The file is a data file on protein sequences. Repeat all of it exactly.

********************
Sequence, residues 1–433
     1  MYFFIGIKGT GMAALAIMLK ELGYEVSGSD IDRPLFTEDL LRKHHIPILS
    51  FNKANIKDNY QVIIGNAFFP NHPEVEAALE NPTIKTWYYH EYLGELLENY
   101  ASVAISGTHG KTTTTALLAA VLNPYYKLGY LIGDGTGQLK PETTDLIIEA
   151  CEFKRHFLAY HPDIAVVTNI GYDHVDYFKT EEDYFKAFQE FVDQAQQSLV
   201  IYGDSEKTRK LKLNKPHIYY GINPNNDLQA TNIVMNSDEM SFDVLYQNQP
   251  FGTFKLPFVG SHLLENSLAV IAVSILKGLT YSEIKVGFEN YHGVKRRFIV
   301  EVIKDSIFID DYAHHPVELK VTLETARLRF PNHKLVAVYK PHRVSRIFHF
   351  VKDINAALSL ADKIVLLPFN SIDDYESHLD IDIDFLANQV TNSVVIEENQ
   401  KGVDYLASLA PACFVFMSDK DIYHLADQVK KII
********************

Sequence, residues 1–433
     1  MYFFIGIKGT GMAALAIMLK ELGYEVSGSD IDRPLFTEDL LRKHHIPILS
    51  FNKANIKDNY QVIIGNAFFP NHPEVEAALE NPTIKTWYYH EYLGELLENY
   101  ASVAISGTHG KTTTTALLAA VLNPYYKLGY LIGDGTGQLK PETTDLIIEA
   151  CEFKRHFLAY HPDIAVVTNI GYDHVDYFKT EEDYFKAFQE FVDQAQQSLV
   201  IYGDSEKTRK LKLNKPHIYY GINPNNDLQA TNIVMNSDEM SFDVLYQNQP
   251  FGTFKLPFVG SHLLENSLAV IAVSILKGLT YSEIKVGFEN YHGVKRRFIV
   301  EVIKDSIFID DYAHHPVELK VTLETARLRF PNHKLVAVYK PHRVSRIFHF
   351  VKDINAALSL ADKIVLLPFN SIDDYESHLD IDIDFLANQV TNSVVIEENQ
   401  KGVDYLASLA PACFVFMSDK DIYHLADQVK KII